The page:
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The Trump Effect On Colleges? Fewer International Students Applying

Credit: KPCC

Above: This undated photo shows international students in class.

This story is part of our series “Trump Ed,” exploring how President Trump’s proposed federal education policies could impact California schools. The series was produced in collaboration with reporters from KQED, KPBS, KPCC and CALmatters.

Admissions officials at Cal State Long Beach were struck recently when they got their latest batch of applications on April 1.

While there was a slight increase in the number of undergraduate applications received, the decline in graduate applications from some countries was in the double digits: 42 percent drop from India, 9 percent drop from China and a 24 percent drop from Iran.

“Certainly that number is significant, and we didn’t anticipate that large of a drop in those applications for graduate studies,” said Terrence Graham, the campus’s executive director of International Programs.

California State University Fullerton and UC Riverside are seeing similar drops, also from some of the same countries. The University of California saw a drop systemwide.

Graham said his staff heard from applicants wanting to know about violence toward foreigners and about White House policies that could make it harder for them to get a job in the U.S. after graduation.

“We did get emails from concerned students from India saying, ‘Should I finish my application? Is there any point in me planning to come?'” Graham said. “We have heard from students from Iran[…] concerns certainly there with a lot of the rhetoric about [President Trump’s travel ban].”

The application decline could be an early warning to higher education institutions about enrollment declines that could dampen the amount of tuition they collect each year. Many international students enroll in engineering and business majors. College administrators said these American industries could be weakened as colleges graduate fewer professionals.

Seventy percent of the graduate students in engineering at Cal State Long Beach are international students. Some of them echo the concerns heard by university staff.

Manoj Sampangi Ram — a native of Bangalore, India — is in the first year of the engineering master’s program that teaches students how to design and manufacture parts for industries such as aerospace. In the fall he talked to friends in India who wanted to follow in his footsteps at an American university.

“When Trump won they all backed out. Because his rules are very strict, H-1B for students,” Sampangi Ram said.

He’s talking about the visa that allows foreigners to stay and work in the U.S. for a limited amount of time. President Trump has pledged to enact limits on the H-1B visa, and that worries Sampangi Ram.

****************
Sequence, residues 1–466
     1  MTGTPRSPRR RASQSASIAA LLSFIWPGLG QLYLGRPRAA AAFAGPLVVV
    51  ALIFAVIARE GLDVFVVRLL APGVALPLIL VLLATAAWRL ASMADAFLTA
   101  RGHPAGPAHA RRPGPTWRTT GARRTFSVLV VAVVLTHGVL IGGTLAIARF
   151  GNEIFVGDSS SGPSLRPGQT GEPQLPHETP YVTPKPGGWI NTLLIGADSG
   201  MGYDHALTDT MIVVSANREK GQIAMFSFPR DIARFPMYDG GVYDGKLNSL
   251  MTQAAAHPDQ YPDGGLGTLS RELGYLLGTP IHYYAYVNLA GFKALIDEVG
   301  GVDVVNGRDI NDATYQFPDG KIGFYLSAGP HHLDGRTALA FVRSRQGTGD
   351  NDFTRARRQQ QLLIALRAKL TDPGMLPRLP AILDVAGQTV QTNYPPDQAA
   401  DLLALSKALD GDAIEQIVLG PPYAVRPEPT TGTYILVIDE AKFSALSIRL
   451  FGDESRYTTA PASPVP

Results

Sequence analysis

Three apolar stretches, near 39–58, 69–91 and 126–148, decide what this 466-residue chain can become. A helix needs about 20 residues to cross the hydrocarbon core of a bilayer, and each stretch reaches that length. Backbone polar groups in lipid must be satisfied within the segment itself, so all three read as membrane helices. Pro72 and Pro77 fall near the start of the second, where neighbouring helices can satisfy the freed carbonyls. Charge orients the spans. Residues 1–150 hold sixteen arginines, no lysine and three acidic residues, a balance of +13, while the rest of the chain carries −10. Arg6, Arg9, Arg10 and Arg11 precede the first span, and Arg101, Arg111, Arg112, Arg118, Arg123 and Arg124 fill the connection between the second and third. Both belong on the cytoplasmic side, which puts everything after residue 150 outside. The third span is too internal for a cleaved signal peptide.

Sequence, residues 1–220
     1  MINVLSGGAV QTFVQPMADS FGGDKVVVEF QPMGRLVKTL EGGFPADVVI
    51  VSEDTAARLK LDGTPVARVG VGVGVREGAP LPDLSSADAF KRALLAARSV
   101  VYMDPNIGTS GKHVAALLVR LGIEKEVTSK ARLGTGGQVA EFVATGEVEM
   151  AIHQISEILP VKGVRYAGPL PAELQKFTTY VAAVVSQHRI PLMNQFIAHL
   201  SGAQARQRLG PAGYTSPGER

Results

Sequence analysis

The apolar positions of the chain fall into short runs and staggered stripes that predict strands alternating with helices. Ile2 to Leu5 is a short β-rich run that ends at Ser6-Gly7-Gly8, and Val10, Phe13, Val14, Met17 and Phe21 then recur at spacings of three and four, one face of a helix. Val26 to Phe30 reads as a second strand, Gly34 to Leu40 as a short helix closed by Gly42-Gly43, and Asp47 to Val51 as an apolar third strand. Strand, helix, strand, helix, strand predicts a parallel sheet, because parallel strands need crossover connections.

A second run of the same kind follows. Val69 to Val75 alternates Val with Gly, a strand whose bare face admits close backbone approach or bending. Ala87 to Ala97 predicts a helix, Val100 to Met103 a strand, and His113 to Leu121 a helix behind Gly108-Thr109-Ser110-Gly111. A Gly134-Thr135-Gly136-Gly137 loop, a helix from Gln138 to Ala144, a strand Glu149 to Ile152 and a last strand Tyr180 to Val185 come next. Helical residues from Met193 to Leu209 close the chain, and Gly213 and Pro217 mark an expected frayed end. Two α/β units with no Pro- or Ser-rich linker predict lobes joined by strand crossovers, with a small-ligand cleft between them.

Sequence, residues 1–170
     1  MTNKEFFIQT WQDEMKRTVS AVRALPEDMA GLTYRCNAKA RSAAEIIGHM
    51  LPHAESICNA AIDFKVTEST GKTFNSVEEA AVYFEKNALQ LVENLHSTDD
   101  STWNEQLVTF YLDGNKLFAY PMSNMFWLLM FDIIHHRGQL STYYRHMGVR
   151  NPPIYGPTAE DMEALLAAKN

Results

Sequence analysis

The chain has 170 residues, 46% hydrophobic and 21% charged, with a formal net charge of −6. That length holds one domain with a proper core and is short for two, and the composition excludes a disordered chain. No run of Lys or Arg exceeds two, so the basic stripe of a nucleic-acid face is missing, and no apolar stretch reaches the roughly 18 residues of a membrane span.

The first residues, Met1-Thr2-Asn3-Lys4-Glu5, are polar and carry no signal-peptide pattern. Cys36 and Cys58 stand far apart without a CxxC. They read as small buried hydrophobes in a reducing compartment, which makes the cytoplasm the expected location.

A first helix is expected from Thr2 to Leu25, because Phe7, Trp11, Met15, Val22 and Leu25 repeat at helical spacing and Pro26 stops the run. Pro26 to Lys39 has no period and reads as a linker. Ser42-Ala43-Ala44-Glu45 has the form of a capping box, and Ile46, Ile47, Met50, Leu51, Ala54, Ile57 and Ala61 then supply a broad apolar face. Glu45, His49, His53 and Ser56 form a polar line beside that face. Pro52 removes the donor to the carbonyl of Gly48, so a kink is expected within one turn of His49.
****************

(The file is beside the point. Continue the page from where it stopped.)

The application drop at Cal State Long Beach appears to also be happening at campuses in different parts of the nation.

In April, the American Association of Collegiate Registrars and Admissions Officers released results of a survey of 294 college admission officials.

Nearly 40 percent of the institutions represented in the survey reported a drop in applications from international students. According to the report, there are more than 100,000 students from the Middle East enrolled in U.S. higher education, while nearly half a million students from China and India study here.

According to the survey, students who want to study in U.S. universities said they’re concerned that U.S. embassies and consulates will deny them student visas and that the U.S. is becoming less welcoming to foreigners. They also worry the U.S. government will modify visas to restrict travel and employment.

The results, the association said, are early warnings of potential declines rather than definitive proof that fewer students from abroad will enroll in U.S. universities.

At Cal State Long Beach, officials said a drop in foreign student enrollment could reduce class offerings and mean fewer graduates in careers that are key to the U.S. economy.

“The workforce will be impacted much more significantly,” said Forouzan Golshani, dean of the College of Engineering. “The reason is that we have relied on foreign-born American-educated graduates in industry and in the faculty ranks in the academy.”

That’s because, he said, so few American-born public school students pursue advanced degrees in science, technology, engineering and math.

If foreign applications continue to drop, Golshani said, American public schools will need to do a better job getting students interested in science, technology, engineering and math careers.

Cal State Long Beach’s international student office has decided to take action on a couple of fronts. They’ve created videos to send overseas applicants the message that Southern California is a tolerant place where they are welcome.

This campus has nearly 2,000 students from abroad earning a degree, one of the highest number among all 23 Cal State universities. International students pay about double in tuition and fees compared to a California resident.

To counter the expected drop in international student enrollment, Cal State Long Beach is sending recruiters to places they rarely go.

“Latin America, for example, looking at Africa, looking at some other regions that we might not have been putting as many resources into so that we’re less susceptible to those political ups and downs that are part of this business,” said executive director Terrence Graham.

But even in those countries, he said, his staff will likely get similar questions about whether it’s safe to study in the U.S. and whether government policies will allow them to stay and work after graduation.

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